The Remains of the Day, by Kazuo Ishiguro (1988)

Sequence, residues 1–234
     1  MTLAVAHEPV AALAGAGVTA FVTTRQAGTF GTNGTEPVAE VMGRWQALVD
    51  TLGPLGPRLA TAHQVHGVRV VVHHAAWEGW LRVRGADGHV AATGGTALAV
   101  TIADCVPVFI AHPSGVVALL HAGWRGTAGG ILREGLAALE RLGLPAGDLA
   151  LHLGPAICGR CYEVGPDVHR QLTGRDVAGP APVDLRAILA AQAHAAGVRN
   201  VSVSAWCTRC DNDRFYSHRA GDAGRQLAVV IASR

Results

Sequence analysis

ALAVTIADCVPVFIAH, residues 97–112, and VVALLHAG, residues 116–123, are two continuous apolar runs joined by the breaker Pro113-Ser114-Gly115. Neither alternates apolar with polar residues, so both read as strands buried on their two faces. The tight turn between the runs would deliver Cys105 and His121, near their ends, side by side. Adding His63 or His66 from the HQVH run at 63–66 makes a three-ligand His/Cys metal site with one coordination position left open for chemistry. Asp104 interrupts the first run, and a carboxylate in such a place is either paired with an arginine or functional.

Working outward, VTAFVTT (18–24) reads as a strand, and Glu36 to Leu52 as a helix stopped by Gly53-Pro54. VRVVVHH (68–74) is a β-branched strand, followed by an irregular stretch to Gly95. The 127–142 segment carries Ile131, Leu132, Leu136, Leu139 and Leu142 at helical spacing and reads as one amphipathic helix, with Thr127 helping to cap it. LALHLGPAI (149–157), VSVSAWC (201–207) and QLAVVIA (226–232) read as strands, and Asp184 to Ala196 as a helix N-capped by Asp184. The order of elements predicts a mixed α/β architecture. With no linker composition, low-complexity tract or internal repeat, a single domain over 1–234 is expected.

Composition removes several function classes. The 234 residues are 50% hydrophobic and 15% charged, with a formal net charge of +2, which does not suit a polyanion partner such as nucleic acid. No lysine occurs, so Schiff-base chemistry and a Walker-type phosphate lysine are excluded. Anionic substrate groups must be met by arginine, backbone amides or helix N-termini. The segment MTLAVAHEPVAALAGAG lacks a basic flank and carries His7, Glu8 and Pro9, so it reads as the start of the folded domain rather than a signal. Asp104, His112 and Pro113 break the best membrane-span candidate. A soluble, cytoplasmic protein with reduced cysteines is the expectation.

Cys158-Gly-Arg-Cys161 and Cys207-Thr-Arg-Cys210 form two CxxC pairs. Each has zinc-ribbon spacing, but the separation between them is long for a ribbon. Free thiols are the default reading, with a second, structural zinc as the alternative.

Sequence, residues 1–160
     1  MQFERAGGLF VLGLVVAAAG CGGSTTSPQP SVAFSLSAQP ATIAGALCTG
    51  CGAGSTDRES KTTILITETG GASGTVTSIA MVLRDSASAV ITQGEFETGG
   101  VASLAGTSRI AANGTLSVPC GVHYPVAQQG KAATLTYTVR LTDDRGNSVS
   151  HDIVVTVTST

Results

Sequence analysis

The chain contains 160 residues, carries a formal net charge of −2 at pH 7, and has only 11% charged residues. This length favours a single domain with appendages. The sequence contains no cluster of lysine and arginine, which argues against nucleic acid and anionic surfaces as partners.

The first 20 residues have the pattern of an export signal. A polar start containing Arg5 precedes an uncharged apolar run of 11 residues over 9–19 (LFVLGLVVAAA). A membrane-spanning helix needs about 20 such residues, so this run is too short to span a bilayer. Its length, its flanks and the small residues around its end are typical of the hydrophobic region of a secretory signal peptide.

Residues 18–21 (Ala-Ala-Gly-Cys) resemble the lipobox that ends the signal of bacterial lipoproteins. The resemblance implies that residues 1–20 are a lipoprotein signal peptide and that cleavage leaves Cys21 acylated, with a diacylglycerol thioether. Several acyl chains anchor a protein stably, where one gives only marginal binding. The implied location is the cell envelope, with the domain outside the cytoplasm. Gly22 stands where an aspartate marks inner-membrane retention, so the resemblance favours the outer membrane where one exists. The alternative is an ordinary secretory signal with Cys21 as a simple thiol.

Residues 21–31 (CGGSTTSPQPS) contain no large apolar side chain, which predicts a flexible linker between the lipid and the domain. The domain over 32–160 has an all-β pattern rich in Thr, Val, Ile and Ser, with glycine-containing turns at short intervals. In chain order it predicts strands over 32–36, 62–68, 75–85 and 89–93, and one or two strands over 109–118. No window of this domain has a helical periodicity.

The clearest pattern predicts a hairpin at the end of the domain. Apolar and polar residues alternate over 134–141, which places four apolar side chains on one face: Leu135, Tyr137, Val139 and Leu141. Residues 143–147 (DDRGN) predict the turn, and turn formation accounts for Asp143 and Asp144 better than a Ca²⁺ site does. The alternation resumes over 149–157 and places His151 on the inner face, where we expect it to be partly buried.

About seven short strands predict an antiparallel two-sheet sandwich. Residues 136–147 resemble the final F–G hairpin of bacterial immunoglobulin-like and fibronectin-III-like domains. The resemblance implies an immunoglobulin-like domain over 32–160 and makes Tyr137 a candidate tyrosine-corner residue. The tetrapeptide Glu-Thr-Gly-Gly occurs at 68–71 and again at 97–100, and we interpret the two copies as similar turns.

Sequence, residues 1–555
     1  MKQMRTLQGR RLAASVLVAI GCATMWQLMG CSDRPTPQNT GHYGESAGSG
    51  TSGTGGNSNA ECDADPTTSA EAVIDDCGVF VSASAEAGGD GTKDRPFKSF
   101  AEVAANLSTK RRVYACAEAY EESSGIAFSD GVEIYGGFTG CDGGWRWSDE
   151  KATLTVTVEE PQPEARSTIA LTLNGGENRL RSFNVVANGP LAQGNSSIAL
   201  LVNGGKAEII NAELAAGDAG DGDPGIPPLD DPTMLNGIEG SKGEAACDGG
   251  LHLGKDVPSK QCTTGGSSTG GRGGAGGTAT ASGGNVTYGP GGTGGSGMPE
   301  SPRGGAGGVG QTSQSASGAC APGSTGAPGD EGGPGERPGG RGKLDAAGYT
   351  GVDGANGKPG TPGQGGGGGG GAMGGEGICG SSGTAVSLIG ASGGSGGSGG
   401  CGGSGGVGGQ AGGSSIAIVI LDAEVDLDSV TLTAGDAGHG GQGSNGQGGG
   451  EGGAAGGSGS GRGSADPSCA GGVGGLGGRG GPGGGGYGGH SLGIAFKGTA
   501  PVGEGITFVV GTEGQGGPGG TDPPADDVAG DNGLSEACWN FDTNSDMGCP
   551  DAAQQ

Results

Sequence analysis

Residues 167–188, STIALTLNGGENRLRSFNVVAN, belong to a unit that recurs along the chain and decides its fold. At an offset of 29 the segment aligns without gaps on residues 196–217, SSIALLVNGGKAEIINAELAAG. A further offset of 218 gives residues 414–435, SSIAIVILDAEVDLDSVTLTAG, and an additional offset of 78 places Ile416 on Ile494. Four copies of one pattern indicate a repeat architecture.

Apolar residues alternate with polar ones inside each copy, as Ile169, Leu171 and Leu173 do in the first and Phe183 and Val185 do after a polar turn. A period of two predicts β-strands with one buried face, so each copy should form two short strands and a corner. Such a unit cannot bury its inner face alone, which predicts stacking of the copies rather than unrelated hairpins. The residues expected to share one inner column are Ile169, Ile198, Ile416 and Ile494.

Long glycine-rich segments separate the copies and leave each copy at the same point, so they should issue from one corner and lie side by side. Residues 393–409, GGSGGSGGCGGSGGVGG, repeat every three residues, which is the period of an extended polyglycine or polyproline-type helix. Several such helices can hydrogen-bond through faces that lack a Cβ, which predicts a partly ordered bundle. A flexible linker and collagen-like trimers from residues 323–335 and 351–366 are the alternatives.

An aging butler in 1950s Britain goes on a road trip and reflects on the glory days of the British aristocracy that turn out to be not so glorious.  This novel works so incredibly because of its narrator, who speaks in a voice that’s both dignified and easy to read, reeking of unreliability and dry humor as he encounters the common folk.  Greater stakes, however, lie in its backstory of what democracy really means and how an entire working class could trade their independence for service to the upper classes—who are prone to more than a few shortcomings.

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